On Monday, April 29, Coalition for the Homeless and The Legal Aid Society presented testimony before the New York City Council’s Committee on General Welfare and Committee on Housing and Buildings regarding three-quarter houses.
Three-quarter houses are typically one- or two-family dwellings that have been converted to boarding houses by cramming dozens of beds into every corner of the building. These houses are often extremely overcrowded, and frequently have health and safety violations. Furthermore, three-quarter house operators do not always acknowledge residents’ tenancy rights, and some engage in fraudulent use of public benefits. Many three-quarter house tenants have dealt with homelessness, the criminal justice system, or addiction, which makes them particularly vulnerable to landlords who would put their health and safety at risk for the sake of profit. The Coalition and allies have been speaking out against problems in three-quarter houses for several years, but more oversight and enforcement are still needed.
The testimony emphasized the importance of creating safer, more stable housing options for New Yorkers:
The direct referral of homeless individuals from shelters to three-quarter houses has been largely abated due to a rule promulgated in 2010 prohibiting such referrals, in response to heavy pressure from the City Council, which was ready to pass a Local Law to forbid the practice. However, operators have found other sources of residents to fill their beds, including parolees, people with disabilities, people with substance use histories who are seeking treatment, and others who are unwilling to access DHS shelters. Many individuals in three-quarter houses struggle with housing instability, criminal justice involvement, and a lack of access to appropriate health and mental health care and substance use treatment. The lack of appropriate housing subsidies or other paths to stability for this population means that these vulnerable New Yorkers remain trapped in dangerous and unlawful three-quarter houses.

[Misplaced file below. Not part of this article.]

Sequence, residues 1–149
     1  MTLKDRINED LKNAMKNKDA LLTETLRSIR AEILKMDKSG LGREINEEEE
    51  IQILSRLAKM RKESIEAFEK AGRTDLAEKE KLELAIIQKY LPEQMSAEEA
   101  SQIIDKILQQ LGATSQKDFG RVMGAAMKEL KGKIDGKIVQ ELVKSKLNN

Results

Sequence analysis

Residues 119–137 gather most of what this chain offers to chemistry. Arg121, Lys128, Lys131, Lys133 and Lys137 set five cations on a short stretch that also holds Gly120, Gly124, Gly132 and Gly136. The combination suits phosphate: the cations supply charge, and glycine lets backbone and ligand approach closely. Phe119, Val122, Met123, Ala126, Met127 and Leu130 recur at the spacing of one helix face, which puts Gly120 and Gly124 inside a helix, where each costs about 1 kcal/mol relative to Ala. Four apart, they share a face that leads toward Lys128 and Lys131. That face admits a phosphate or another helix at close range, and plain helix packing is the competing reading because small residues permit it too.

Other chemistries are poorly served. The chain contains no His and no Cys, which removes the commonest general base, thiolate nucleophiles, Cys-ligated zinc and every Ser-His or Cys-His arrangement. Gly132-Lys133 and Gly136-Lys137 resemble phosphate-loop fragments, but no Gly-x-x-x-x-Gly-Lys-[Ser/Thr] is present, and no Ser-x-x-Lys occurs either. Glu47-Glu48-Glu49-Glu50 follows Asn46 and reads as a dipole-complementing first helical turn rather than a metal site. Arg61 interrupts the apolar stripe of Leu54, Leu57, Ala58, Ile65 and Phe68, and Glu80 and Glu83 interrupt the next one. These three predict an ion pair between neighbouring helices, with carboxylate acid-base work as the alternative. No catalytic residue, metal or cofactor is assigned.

Coalition for the Homeless and the Legal Aid Society therefore support Intro 153-A, codifying a three-quarter house task force with authority to enforce existing laws, provide assistance to residents of three-quarter houses, and report regularly on progress.
Furthermore, the fact that New Yorkers with extremely low incomes struggle to find more stable housing placements than three-quarter houses underscores the urgent need to increase the supply of permanent affordable housing. The continued existence of substandard three-quarter houses is one manifestation of the affordable housing crisis in New York City. We have urged Mayor de Blasio to rectify this issue by committing more of his Housing New York 2.0 plan to homeless and extremely low-income New Yorkers. The House Our Future NY Campaign calls on Mayor de Blasio to set aside 30,000 apartments for homeless New Yorkers, including 24,000 newly constructed apartments, in order to realign his housing plan with the reality of record homelessness. Additionally, the City should accelerate the pipeline of new permanent supportive housing for people struggling with mental health and substance use issues, rather than leaving vulnerable New Yorkers with few choices other than three-quarter houses.
The full testimony can be read here.